The treatment of Spears arguably points to a wider malaise. Only someone especially naďve would consider modern pop music to not be strongly misogynistic, whether it’s the proliferation of commercial hip-hop with the dancing hoes, or burlesque groups like the Pussycat Dolls dominating the charts. But the almost joyous reaction to Spears’ musical performance show how just how little women have progressed since the 60s. For all the people who say women have achieved equality, there’s a nagging undercurrent that not much has really changed. This schadenfreude on Spears is predominantly focused on her body, her clothes, her hair, her mothering – those very stereotypes that women have been subjected to for millennia. No one seems to care when a male actor is revealed to be a terrible parent or puts on a bit of weight, but when Spears does it, it becomes ammo for water-cooler conversations and news headlines. For example, the commentary on her performance at the MTV Video Music Awards has been judged on how she was “fat”, how she was “bleary eyed”, “unfit” and “trashy”. Of course MTV put Spears up as a Queen of Fools but there was barely a mention of her actual performance or heaven forbid, the song itself. I’m certainly not a fan of her music, but to hear strong feminists taking pleasure in the fact Britney looked fat rather than actually critique her music, makes me wonder what messages are being sent to women who want to be successful. Of course, people can laugh it all away by saying things like ‘it doesn’t mean anything really”, or that it’s “okay because I can acknowledge that it’s sexist” or that it’s “only pop music”.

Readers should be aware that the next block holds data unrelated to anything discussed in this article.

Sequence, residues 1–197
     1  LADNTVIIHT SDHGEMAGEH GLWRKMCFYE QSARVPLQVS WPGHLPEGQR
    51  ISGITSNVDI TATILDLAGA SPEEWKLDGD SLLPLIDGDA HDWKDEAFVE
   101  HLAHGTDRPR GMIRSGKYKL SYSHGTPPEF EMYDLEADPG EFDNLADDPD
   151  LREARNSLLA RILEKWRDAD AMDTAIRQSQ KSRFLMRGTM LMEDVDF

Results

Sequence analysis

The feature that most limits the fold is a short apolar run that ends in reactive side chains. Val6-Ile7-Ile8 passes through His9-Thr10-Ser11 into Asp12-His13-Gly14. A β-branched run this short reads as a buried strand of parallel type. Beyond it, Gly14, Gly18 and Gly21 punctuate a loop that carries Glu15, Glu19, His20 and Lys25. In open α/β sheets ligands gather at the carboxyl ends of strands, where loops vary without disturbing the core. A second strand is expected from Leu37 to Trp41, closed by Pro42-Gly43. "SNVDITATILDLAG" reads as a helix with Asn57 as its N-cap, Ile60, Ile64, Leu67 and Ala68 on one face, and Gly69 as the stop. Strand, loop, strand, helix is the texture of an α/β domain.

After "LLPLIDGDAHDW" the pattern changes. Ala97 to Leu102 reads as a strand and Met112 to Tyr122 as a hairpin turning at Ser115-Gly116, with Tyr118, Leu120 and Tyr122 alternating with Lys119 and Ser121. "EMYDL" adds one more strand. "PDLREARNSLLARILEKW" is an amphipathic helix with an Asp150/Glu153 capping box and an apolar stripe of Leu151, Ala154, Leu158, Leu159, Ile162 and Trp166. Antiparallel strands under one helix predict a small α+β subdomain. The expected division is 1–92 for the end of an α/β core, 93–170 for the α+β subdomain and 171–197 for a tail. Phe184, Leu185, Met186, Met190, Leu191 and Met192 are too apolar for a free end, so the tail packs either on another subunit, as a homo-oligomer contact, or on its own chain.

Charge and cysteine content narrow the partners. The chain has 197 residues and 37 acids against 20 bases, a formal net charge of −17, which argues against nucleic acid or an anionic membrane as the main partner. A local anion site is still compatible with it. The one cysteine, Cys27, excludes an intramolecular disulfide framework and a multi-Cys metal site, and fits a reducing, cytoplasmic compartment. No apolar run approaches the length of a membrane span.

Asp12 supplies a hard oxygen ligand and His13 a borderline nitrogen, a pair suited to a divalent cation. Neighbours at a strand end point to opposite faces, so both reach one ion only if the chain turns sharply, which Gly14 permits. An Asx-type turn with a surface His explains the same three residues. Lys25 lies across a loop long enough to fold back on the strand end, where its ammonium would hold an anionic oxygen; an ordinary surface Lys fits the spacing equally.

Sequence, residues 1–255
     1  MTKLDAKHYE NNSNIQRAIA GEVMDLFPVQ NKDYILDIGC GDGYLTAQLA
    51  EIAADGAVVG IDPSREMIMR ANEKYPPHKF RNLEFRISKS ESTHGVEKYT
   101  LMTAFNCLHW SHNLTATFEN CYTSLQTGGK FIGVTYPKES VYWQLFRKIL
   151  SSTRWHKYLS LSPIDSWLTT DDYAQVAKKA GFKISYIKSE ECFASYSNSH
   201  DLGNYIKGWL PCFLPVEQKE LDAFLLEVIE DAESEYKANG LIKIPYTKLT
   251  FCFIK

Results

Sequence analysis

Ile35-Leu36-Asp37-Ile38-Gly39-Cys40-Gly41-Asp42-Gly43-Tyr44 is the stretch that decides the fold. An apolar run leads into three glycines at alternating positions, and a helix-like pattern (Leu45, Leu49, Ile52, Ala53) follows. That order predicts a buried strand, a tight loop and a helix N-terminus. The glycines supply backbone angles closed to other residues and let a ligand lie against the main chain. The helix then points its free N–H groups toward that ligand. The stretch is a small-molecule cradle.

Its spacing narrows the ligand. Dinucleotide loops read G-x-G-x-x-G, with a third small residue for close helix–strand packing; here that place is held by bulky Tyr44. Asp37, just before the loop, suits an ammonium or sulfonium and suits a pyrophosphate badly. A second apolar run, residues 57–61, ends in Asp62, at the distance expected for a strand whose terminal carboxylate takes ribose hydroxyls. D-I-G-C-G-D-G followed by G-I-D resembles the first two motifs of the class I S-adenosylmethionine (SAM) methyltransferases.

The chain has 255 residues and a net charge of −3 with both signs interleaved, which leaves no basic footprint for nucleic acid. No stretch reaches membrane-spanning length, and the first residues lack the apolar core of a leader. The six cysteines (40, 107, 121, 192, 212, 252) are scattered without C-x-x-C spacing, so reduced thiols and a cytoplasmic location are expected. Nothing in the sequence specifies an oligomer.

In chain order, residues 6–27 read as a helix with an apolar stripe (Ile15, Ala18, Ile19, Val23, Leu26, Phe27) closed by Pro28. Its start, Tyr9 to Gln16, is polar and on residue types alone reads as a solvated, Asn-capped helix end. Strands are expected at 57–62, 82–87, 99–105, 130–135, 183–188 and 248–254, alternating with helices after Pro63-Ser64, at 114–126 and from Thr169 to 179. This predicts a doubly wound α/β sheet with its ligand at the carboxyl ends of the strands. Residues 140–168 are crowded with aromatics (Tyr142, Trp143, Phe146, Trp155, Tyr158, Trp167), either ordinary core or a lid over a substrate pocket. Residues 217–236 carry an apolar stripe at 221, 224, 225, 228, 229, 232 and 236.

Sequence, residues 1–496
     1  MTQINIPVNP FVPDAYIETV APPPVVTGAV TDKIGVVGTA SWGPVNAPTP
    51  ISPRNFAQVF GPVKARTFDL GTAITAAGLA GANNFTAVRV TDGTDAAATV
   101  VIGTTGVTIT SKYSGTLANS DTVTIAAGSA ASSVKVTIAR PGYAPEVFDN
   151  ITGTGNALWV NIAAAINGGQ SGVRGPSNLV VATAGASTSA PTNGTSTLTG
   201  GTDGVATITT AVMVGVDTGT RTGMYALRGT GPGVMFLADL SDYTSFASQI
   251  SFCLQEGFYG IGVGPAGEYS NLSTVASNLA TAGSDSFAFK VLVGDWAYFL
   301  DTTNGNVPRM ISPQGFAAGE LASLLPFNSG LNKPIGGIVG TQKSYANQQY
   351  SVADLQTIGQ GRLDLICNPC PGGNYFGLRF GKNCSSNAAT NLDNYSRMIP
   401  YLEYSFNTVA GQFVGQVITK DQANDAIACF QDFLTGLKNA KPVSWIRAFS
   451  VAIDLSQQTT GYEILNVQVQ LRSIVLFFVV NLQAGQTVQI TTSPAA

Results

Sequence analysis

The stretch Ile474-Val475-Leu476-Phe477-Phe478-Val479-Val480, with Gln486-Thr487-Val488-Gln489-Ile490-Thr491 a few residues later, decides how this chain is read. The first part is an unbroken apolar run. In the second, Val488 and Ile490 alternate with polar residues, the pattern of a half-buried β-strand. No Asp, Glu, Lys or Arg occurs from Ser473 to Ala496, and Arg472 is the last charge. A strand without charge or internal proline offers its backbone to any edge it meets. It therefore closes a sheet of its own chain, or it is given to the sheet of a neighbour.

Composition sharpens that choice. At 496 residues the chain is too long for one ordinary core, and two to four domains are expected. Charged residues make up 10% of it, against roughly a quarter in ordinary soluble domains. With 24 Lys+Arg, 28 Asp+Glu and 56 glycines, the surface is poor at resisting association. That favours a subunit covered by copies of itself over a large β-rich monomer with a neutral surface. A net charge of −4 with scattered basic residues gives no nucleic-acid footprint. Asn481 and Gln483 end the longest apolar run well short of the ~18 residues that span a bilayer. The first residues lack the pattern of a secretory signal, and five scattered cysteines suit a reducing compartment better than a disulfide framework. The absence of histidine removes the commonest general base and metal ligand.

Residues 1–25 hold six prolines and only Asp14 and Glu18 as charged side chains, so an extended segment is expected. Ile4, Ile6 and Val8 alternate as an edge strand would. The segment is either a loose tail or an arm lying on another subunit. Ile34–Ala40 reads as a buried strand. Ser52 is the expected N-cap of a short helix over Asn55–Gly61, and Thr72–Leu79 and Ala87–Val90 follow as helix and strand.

Sure, it’s easily ignorable – I don’t spend my hours considering pop music – but considering who the target audience of pop music really is and the total dearth of female pop stars who aren’t being objectified (and willingly submit to this view – because let’s face it, many women are as complicit as many men in this regard), surely this all should be a cause to worry. After all, the target audience of pop music is young girls, who the media generally argue to be highly impressionable to anorexia, alcohol, sex, drugs, chat-room paedophiles etc. yet assume are able to ignore the sexist discourses surrounding pop music. But it’s not just young people either. Perhaps pop music shouldn’t be easily relegated to a minor example of sexism, because if it was so minor, it wouldn’t be getting all this coverage. Would audiences and media be taking so much perverse pleasure in the decline of Spears if this was so easily ignorable? I wonder why concerned parental groups spend so much energy on relatively minor areas like porn films and Film Festival films, yet ignore the pervasive messages that the most consumed and accessible form of music is sending out. And not only that, ignoring how that form of music is being framed and discussed by the media.

It’d be ridiculous to simply accuse the mass media of harbouring some sort of conspiracy to dominate women and divert our attention away from more pressing issues. The audiences who are making Spears the most viewed story on websites, laughing about Spears’ mental state or passively accepting the mainstream news coverage are just as complicit in it. It disturbs me when people seem to be taking pleasure in the mental collapse and misfortunes of a twenty-five year old individual. I don’t want to simply call her “Britney”. I don’t know her and don’t want to reduce her to a “thing”, to an object, so I can feel less culpable about laughing at her misfortune. I don’t want to wait with anxiety to see exactly how Spears is as mad as hell. I just kinda want to say I don’t want to take it anymore.